glitterandbreadcrumbs

Queso Blanco

In Making Food on April 13, 2010 at 12:20 pm

Week 8
Queso Blanco

As someone who shovels cheese for a living, I eat a lot of fermented milk. Name a fancy or obscure or fancy obscure cheese, and odds are pretty good that I’ve had it. Bleu des Basques? Ewephoria? Tete de Moine? Ticklemore? Stinking Bishop? Check, check and check. Most of my work day revolves around cheese and helping customers navigate its complexities. What’s the difference between raw and pasteurized? Would this go better with wine or beer? Is all cheese made from cow’s milk? Do you have any milk-free cheese? I had this cheese once; I can’t remember the name of it; it was really good; do you have it?

To keep my sanity, and my perspective, I rely on a lot of cheese-related workday humor. (“Roncal!” “What did he say?” “Cantal!” If you don’t think that’s funny, you’re crazy.) And writing cheese songs — or more accurately, rewriting the lyrics to existing songs that play incessantly on the Americoma radio station at work to make them into songs about cheese — is a pretty standard part of my daily routine. (My best work is a cover of Peter Frampton’s “(I Want You to) Show Me the Way,” if you must know. As in, “Gabietou, or maybe Chimay. Maytag Blue, or Roquefort Coulet?” Audio files to follow, someday. If I drink enough wine and someone gives me a microphone [or a hairbrush].)

At any given point in the Smart Cabbage house, we’ve got at least five kinds of cheese in the fridge. And I eat cheese pretty much every day, sometimes more than once. But there are plenty of more humble cheeses that I haven’t tried, as I realized on a recent trip to Harvestime, where I spent some time browsing their ethnic cheese set. Kashkaval. Bryndza. Cotija, which has a weirdly provocative cow on the label:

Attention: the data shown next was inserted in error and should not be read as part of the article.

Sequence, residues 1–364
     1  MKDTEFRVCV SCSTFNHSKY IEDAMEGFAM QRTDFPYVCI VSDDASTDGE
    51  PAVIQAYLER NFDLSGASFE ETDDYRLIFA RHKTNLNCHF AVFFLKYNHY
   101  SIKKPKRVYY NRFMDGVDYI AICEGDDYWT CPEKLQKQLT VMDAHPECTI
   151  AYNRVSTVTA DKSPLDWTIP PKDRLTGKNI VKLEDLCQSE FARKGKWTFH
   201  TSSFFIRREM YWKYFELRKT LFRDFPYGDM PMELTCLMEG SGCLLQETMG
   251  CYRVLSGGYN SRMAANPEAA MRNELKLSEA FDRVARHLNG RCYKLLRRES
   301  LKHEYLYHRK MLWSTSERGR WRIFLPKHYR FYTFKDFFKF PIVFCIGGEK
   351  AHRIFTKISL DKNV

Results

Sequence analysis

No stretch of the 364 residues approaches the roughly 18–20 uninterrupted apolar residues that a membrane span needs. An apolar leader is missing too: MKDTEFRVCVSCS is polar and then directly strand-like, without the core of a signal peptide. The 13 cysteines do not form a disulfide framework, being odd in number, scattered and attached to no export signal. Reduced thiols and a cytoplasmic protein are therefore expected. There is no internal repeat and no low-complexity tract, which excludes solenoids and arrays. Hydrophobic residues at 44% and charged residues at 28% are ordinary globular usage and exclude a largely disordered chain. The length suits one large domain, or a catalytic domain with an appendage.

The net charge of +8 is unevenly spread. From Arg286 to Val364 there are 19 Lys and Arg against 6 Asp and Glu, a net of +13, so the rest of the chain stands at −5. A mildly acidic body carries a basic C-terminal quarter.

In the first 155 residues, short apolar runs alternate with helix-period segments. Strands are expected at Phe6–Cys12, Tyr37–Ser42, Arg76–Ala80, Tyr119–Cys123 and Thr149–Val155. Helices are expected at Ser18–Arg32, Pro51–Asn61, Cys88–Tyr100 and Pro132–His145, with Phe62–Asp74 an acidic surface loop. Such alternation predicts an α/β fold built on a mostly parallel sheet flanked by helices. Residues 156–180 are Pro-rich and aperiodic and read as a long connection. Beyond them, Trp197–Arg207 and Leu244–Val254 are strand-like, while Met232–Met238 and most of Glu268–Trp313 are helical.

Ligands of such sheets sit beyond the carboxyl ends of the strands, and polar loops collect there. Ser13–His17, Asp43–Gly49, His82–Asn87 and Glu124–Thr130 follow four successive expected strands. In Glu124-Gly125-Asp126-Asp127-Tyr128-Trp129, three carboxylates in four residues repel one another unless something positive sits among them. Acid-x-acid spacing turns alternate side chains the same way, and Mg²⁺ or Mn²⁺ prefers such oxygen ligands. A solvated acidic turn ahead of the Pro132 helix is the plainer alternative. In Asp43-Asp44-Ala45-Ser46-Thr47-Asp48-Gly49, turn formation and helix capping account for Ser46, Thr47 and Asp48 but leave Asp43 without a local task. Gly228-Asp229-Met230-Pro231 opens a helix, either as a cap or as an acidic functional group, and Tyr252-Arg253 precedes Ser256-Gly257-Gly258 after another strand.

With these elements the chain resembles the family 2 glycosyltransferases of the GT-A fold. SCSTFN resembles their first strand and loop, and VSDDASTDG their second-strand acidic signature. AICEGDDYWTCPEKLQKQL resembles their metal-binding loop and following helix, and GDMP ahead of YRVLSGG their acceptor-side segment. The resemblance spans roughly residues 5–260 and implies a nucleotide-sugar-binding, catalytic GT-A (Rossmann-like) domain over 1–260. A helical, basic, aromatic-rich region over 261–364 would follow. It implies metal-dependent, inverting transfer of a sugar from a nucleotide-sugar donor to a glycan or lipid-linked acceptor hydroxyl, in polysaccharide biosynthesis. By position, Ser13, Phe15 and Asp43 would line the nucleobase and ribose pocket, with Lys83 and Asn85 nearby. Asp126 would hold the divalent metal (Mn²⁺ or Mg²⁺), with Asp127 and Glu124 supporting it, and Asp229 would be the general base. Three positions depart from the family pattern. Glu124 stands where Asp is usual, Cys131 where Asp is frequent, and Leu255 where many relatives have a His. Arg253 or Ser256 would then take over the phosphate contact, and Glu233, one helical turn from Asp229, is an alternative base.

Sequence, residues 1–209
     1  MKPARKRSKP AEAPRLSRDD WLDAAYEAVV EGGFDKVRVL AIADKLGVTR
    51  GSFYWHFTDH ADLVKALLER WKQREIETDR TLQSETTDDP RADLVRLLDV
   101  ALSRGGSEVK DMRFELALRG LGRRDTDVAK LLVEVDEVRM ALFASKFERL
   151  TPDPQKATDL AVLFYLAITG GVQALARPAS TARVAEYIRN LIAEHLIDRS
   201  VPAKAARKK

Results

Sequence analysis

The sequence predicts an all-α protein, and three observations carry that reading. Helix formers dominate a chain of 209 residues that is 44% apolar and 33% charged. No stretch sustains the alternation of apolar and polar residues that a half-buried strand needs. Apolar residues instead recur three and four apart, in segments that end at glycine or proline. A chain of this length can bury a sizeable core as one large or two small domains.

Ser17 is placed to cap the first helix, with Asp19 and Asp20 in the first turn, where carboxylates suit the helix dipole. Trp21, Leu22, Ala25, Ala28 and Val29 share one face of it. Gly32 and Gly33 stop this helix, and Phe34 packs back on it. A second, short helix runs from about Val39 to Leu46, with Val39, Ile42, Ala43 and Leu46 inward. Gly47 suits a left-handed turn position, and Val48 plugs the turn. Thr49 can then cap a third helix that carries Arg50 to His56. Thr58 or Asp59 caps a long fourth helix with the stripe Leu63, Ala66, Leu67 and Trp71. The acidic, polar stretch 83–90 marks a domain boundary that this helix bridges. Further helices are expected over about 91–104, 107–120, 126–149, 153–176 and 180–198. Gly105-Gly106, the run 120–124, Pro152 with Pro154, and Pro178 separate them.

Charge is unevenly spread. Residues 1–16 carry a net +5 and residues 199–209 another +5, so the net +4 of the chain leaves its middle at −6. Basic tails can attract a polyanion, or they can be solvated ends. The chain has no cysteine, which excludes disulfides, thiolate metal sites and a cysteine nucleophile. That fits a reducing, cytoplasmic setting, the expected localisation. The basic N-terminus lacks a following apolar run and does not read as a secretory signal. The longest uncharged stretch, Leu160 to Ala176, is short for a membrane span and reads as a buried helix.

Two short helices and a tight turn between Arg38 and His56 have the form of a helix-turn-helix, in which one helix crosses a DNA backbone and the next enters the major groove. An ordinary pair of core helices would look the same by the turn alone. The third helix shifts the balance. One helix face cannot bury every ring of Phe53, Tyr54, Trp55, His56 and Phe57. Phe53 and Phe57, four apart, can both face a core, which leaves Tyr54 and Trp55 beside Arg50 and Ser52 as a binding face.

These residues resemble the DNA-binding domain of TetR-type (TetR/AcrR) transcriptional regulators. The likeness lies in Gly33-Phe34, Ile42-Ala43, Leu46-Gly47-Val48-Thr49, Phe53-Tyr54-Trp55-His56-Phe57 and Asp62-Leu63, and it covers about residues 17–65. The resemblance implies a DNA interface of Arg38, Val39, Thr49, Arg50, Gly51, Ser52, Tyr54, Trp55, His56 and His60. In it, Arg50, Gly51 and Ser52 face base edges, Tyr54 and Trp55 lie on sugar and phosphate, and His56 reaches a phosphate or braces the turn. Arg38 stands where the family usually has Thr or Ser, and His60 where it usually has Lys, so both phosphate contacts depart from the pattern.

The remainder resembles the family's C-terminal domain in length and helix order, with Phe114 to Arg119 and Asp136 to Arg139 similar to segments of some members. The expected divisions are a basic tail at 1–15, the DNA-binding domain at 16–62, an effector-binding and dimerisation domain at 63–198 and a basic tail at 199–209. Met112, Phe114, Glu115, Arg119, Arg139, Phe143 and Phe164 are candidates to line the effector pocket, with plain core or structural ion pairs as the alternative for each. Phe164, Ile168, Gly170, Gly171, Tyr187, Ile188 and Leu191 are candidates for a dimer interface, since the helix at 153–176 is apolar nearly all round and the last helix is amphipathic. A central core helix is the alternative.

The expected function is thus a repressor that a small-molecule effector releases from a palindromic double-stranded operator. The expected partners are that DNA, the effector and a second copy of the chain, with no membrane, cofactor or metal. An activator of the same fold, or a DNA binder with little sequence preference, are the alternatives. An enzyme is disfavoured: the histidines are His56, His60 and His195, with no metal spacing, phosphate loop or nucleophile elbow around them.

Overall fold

And queso blanco. White cheese, literally. Could it be more simple? And, more importantly, could it — would it — be good? I threw it into my basket, along with some poblanos, white new potatoes, and some frozen corn, and headed home to try my hand at a gratin I’d seen in the most recent issue of Bon Appetit. (Yeah, sometimes I’m that girl. I’ll occasionally take marching orders from Condé Nast Publication, though I draw the line at bringing the actual magazine into the store. And I’ll freely substitute ingredients according to my mood, what I’ve already got on hand, or what I can afford.)

When I unwrapped the queso blanco, it smelled like dog. Wet dog, more specifically. Wet dirty dog, if you want to be painfully precise. I’m used to cheeses smelling kind of weird, so I didn’t stop grating it. Nor did I stop building the gratin. But I’m not going to lie to you: I was kind of worried about this one.

Blast an 8×8-inch casserole dish (or a 9-inch glass pie pan) with cooking spray, and preheat the oven to 400. Then, get all of the prep work out of the way:

Pull 1 cup of frozen corn kernels out of the freezer, and let them hang out at room temperature while you slice and dice. De-stem and de-seed a poblano pepper or two, then cut the pepper into thin strips, two inches long  and a quarter-inch wide; saute the peppers to just-tenderness in a bit of extra-virgin olive oil while you grate 1/2 pound queso blanco (or oaxaca cheese, or whole milk mozzarella).Cut a pound of new potatoes (about three or four large ones) into 1/8-inch thick rounds, using a chef’s knife or a mandolin, whatever’s fastest and easiest for you. Whisk together 1 1/2 cups whole milk (or half-and-half), 2 tablespoons flour, 1 teaspoon salt and a healthy dose of cracked black pepper.

Once all your ingredients are set, begin building your gratin:

Arrange a third of the potato slices in the bottom of the pan, overlapping slightly. Scatter a third of the pepper strips over the potatoes, strew a third of the corn over, then cover with a third of the cheese. Repeat until you’ve used up all the potatoes, poblanos and corn; make sure you end up with the cheese on top. Pour the milk mixture evenly over the gratin, then cover the baking dish tightly with foil. Place the casserole dish on the top shelf of the oven, and place a baking sheet on the bottom shelf to catch any drips. (Please do this, as you have the advantage of learning from my messy mistakes, which wreaked havoc both on the bottom of my oven and my smoke-detector-scarred eardrums; let my tribulations be not in vain.) Bake for 30 minutes, then remove the foil and bake until the potatoes are tender and the cheese is golden brown, 20 to 30 minutes more.